Minor League Baseball Top Five, Dead Or Alive: The Weirdest Minor League Baseball Promotions Of The Century
Welcome to the latest installment in the new era of Top 5 Dead Or Alive. Each week, we’ll ask one of our writers to come up with a definitive list of the five best people, places or things in a particularly subjective category — then, we’ll ask you to tell him who or what is missing from the list. Feel free to be a total dick.
Today, Rick Chandler examines the best Minor League Baseball promotions of all time, then winnows the list to a top five. It wasn’t easy. Tell him what he missed in the comments.
Picking the Top Five Best Minor League Baseball Promotions is an impossible task. How does one define “best”? The Saint Paul Saints once had a Sen. Larry Craig Bobblefoot Day, in which they gave out little statues of a restroom stall, with Craig’s foot underneath, bobbling. If you’re
not familiar with that story, here you go.
There’s also been Redneck Olympics (West Virginia Power) and The World’s Worst Music Night … it’s all subjective. But one thing I can do is pick the
Top Five Weirdest Minor League Baseball Promotions. Because they’re all the weirdest to me. And if I think it’s weird, brother, it’s out there.
1.5. Van Down By The River (Quad City River Bandits)
The Chris Farley
Saturday Night Live sketch came to life one night in 2009, when the Midwest League Single-A Houston Astros affiliate in Davenport, Iowa actually bought an old van for $500 and parked it down by the (Mississippi) River. From the team's web site:
The Van Down by the River will be parked on the right field berm. At the start of each game, the Bandits will make a donation to a new fund called the "Jack Squat Jackpot" in honor of Chris Farley's famous skit. If a River Bandits player hits the van with a home run ball, those sitting in the van will receive half the money in the jackpot while the other half will be donated to charity.
2.4. Michael Vick Welcome To The Neighborhood Night (Kansas City T-Bones)
Vick (inmate No. 33765-183) spent a large portion of his 23-month sentence for dogfighting at Leavenworth in Kansas, which is only about 17 miles from the T-Bones' stadium (Independent Northern League). And so in April, 2008, Michael Vick Welcome to the Neighborhood Night was born. Featured would be the T-Bones wearing black and white striped jerseys, and the visiting Gary SouthShore RailCats wearing bright orange jumpsuit replica jerseys.
The promotion is noted for having drawn complaints from both the NAACP
and at least one animal rights group. Only four days after it was announced, sadly, the event was canceled.
3.3. Get A Back Massage From A Real Catholic Nun (St. Paul Saints)
The Saints (American Association of Independent Professional Baseball) are part-owned by comedian Bill Murray, and promotions are directed by Mike Veeck, son of legendary White Sox owner and promoter Bill Veeck. Among the team's past promotions have been Love Boat Night, commemorating the Minnesota Vikings infamous love boat sex cruise on Lake Minnetonka; and Randy Moss Hood Ornament Night.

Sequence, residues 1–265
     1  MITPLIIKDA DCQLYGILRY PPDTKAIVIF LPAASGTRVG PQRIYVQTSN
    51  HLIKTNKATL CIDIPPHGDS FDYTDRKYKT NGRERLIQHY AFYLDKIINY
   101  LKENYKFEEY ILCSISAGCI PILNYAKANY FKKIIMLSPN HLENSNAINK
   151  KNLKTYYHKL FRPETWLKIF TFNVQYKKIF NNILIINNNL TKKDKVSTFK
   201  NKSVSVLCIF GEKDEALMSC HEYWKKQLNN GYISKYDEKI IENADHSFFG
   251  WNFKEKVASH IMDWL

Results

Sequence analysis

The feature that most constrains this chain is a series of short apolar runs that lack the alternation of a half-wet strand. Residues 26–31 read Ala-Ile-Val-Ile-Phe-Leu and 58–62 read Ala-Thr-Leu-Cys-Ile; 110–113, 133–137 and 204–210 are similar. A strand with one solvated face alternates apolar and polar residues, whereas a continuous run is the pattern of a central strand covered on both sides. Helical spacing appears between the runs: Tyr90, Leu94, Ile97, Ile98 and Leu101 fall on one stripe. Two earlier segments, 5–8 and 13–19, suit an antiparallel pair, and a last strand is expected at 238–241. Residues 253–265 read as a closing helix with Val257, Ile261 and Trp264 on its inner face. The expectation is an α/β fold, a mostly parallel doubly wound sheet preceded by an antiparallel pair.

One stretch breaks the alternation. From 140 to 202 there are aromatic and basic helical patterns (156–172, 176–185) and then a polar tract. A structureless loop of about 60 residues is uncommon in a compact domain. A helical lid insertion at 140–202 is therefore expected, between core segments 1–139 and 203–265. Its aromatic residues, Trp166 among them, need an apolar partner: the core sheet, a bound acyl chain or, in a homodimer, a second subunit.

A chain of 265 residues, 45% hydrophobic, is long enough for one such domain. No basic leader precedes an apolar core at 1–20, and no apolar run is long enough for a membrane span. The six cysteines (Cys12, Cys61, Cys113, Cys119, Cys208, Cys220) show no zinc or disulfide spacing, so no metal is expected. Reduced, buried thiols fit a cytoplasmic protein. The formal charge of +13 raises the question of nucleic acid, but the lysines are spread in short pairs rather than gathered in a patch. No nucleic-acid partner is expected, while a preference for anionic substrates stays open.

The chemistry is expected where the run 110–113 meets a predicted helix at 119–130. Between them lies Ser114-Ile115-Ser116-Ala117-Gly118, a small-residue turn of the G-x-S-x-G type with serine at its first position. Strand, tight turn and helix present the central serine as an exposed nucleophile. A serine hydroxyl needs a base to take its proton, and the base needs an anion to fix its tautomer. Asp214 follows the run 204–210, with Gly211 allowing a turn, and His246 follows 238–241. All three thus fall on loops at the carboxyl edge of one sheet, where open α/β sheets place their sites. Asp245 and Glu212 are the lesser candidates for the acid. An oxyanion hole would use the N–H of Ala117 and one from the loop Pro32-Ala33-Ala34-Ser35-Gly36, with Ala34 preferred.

Also, Midway Stadium is the only ballpark in America where one can get a professional massage from a real Catholic nun. Pictured here is Sister Rosalind, who has
been offering massage therapy to fans at Saints games since 1993 ($8 per ten minutes. Please form an orderly line).
4.2. Awful Night (Altoona Curve)
The Double-A Eastern League Pittsburgh Pirates' affiliate have made Awful Night an annual tradition, where many, many awful things -- among them bottomless cups, music from David Hasselhoff and a Dry Water Slide Contest -- have been featured. But the most notorious had to be the 2006 edition, which was described thusly:
"The Curve will stage 'awful' competitions all night, including dunking for onions, the dead fish slingshot catch and autograph sessions with non-celebrities. This year, the first 1,000 fans will receive a photo of General Manager Todd Parnell's gall bladder, and one lucky fan will actually win the real thing. That is not a joke."
5.1. Man Shot Out Of A Cannon For A Home Run (Lowell Spinners)
How many times have you attended a Minor League Baseball game, but went home dissatisfied because no one was shot out of a cannon? The Lowell Spinners (Single-A, New York-Penn League Boston Red Sox affiliate) rectified that on July 5, 2011, when they accomplished the first-ever human home run.
A cannon was placed at home plate and loaded with David Smith, Jr., who has been shot from artillery more than 500 times in his career. But this time he was aimed at the center-field fence, and sent rocketing completely out of LeLacheur Park. I'm still not sure what he landed on … let’s just say a huge pile of hot dog buns.